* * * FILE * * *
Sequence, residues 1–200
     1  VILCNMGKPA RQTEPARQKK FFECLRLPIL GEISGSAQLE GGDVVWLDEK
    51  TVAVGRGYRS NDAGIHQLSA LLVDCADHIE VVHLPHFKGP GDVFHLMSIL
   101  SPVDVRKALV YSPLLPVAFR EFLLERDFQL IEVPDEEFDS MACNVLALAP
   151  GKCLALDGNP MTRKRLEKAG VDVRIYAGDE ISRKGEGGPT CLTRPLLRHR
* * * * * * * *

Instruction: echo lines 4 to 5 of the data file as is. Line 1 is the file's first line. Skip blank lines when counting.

   101  SPVDVRKALV YSPLLPVAFR EFLLERDFQL IEVPDEEFDS MACNVLALAP
   151  GKCLALDGNP MTRKRLEKAG VDVRIYAGDE ISRKGEGGPT CLTRPLLRHR